Bed bugs (Cimex lectularius) are drawn to the presence of blood through our carbon-dioxide breaths and warm bodies, and will happily move through a building to find us. That includes finding their way from room to room, or apartment to apartment, through walls. Luckily for us, students and staff are rarely ‘in the right place at the right time’ for bed bugs. Luckily for them, they like to travel in our belongings.


A student or staff member who has bed bugs at home can inadvertently bring them to school. If you think this is a problem tied to family income or a home’s cleanliness, think again. Given the mobile nature of our society, bed bugs are happy to find a blood meal in any home.

The webinar’s presenters,

  • Dini Miller, Virginia Tech’s Urban Pest Management Laboratory
  • Susan Jennings, EPA Public Health Liaison
  • Marcia Anderson, EPA Center of Expertise for School IPM

emphasized a few key points. First and foremost was don’t panic!

If you find a bed bug in school, please understand there is a big difference between an incident (finding a bed bug) and an infestation (finding multiple bed bugs…likely including females). All bed bugs eat blood meals, but  an egg-producing female begins an infestation when she finds food and shelter (resting humans and their blood, and a nice dark crevice or fold in upholstery). An infestation tends to be hidden within a few feet of the food source, such as headboards, box springs, wall sockets, and inside upholstered furniture.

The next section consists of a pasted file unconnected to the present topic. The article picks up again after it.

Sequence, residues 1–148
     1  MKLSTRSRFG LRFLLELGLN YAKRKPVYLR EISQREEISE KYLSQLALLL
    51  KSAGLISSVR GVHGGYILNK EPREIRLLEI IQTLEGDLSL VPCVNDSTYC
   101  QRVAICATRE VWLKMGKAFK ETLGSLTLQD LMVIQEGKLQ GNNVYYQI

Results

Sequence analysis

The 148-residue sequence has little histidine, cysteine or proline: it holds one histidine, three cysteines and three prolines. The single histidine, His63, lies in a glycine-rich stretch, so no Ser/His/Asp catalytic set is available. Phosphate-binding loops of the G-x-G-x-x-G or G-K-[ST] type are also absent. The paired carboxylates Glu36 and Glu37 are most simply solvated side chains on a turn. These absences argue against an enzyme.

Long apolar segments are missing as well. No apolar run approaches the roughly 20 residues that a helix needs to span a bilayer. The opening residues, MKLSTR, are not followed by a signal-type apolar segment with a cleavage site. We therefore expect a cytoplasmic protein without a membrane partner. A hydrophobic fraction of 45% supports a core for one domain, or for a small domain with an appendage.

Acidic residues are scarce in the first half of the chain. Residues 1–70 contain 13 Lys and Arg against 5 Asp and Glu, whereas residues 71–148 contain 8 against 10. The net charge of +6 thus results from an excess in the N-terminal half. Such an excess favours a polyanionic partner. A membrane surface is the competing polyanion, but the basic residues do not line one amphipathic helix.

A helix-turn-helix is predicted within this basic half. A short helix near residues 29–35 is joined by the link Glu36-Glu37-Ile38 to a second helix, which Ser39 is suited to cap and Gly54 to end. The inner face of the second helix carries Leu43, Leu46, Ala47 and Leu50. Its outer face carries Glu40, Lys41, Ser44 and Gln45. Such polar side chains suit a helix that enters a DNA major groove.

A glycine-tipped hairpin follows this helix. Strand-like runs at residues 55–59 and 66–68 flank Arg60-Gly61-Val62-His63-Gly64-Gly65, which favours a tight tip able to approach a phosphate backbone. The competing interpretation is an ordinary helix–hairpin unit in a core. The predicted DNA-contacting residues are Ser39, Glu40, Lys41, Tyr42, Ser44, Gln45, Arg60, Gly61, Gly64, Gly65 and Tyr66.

Want to know more? Read Bed bugs are Back!

Just as in any aspect of integrated pest management, your first challenge is to identify the pest, and that means capturing it. Bed bugs are often misidentified and the last thing you want to do is create a problem where there is no problem. There are different ways to collect a specimen. Grab it in a tissue and place the whole thing inside a lidded jar, an empty prescription container,  zipper-slide storage bag, or disposable coffee cup with  a lid. (for examples, see one of our illustrated guides.) You can use tweezers or sticky tape as well. Adults are about the size of an apple seed. Warning. Bed bugs move fast.  If you haven’t already done so, immediately contact the person in your school or district who is in charge of pest management. Place the sealed bag or container in a freezer (keep it there at least 30 minutes).

You do have someone who makes pest management decisions, right?

What about your pest management protocol or policy? Does it have a decision-tree for dealing with bed bugs?

If you don’t have a written policy on bed bugs or other pest control decisions, you are setting yourself up for problems. Let’s remedy that. Stay tuned. the NY State Integrated Pest Management program has been at this for many years, and we’ve created or gathered the resources you need. Throughout January, we’ll focus on increasing your knowledge of this pest.

Here’s another resource: Preventing and Getting Rid of Bed Bugs Safely, from the NY City Dept. of Health and Mental Hygiene.